SHAH: I got excited about that idea because I've worked in the past with Civic Nebraska, which is a nonpartisan civic literacy organization here in Lincoln. Traditionally, they've worked with social studies classes, but as a writing teacher I see so many links between what Civic Nebraska is doing and the kinds of things we're hoping our students learn about approaching different perspectives and using sources and argument. I approached Civic Nebraska and asked if we could do what they call a “Capitol Experience Day”—a “Cap Day”—where we bring our students to the Capitol. Traditionally, Cap Days involve students meeting with local representatives, but the students kind of listen while the representatives give a presentation, and they ask questions at the end. My idea was: what if we flipped it based off of Jess's idea of researching and writing to state senators? What if the state senators listened, and our students were the ones presenting?

 

MEYER: When we finally settled on what we were going to do, we had to think about how we were going to scaffold it for our students. When it came to my students at North Star, I introduced some articles or videos that were just found on the internet about students actually becoming more politically active, especially through letter writing. For example, there was a group of students in Oregon who advocated for a mental health day to be approved for students, and my students really liked that idea.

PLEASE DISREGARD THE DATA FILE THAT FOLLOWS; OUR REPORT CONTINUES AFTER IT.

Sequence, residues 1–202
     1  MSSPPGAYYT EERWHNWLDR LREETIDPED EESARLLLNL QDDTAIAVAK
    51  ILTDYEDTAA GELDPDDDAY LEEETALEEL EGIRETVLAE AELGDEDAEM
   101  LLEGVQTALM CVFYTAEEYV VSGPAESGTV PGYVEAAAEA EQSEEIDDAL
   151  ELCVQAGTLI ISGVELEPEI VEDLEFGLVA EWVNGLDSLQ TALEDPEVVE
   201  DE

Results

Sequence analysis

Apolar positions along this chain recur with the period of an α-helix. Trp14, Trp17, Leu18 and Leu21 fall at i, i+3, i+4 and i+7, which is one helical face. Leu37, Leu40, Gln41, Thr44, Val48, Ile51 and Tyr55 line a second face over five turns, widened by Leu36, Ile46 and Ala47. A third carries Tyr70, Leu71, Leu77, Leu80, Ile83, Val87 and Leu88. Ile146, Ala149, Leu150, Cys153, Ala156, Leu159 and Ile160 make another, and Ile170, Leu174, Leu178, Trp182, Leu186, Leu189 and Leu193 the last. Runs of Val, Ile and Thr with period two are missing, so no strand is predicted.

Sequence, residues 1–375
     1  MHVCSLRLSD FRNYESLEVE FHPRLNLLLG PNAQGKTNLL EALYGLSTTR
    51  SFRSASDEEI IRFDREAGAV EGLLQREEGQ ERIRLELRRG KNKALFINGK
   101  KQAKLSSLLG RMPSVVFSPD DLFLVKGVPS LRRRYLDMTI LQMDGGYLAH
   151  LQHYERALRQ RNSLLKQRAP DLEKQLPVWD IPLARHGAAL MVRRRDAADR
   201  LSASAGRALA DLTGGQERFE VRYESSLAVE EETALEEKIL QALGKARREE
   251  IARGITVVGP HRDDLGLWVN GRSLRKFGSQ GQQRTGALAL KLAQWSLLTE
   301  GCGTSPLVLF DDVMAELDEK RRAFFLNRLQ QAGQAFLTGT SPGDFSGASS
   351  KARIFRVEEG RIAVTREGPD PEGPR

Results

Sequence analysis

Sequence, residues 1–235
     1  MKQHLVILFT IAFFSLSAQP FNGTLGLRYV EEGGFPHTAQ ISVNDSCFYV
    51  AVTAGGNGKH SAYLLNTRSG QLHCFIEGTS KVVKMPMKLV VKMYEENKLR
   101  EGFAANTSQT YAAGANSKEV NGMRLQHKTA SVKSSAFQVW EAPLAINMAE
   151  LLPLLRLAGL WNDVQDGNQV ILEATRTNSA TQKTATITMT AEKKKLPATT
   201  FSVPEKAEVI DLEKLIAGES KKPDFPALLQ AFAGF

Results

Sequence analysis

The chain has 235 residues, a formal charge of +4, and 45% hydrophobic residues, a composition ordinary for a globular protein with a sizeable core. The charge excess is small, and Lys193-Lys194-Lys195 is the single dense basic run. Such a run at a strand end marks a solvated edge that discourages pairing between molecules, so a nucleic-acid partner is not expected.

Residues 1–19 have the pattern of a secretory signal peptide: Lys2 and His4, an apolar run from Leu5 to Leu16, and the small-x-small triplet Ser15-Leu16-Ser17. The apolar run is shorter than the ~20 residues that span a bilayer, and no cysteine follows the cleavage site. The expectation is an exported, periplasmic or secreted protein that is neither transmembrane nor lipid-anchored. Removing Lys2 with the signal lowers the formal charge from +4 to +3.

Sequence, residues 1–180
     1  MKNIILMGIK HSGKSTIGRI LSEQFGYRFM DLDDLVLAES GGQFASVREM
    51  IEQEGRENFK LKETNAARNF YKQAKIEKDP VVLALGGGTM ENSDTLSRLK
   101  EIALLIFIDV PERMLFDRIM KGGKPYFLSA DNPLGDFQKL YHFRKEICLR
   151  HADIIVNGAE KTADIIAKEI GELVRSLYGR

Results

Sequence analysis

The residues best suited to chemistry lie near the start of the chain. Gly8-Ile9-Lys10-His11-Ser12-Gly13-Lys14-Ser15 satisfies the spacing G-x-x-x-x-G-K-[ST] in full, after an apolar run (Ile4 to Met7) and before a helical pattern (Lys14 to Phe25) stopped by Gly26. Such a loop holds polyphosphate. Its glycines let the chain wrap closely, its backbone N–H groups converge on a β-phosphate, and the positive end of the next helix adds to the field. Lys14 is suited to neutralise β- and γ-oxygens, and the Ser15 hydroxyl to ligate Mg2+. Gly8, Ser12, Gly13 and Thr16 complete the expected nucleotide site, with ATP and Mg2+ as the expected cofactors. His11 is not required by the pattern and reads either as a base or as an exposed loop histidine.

I was able to infuse mini-lessons set up from the College, Career and Community Writers Program, which is argument curriculum set out by the National Writing Project. We took several days to brainstorm, to research, to draft, revise, and draft some more. The partnership with Rachael's class was extremely powerful in helping the students to craft their best work because they had plenty of one-on-one feedback and we were able to take it slowly throughout the semester rather than have the time constraints of this huge deadline that oftentimes doesn't lead to the best types of writing.

SHAH: We embedded this project into our partnership. My students came to North Star High School—I think, seven times—and met with Jess's students during their normal class. We were able to do that because Robert, who teaches the reading class in the English Education program, has class is scheduled back-to-back with mine. We bring our classes to North Star during the time period where both our classes would normally meet, and then they meet with Jess's writing class and also a reading class here at North Star. So, we were able to spend quite a bit of time together and work through the writing process in terms of brainstorming and drafting and researching and things like that.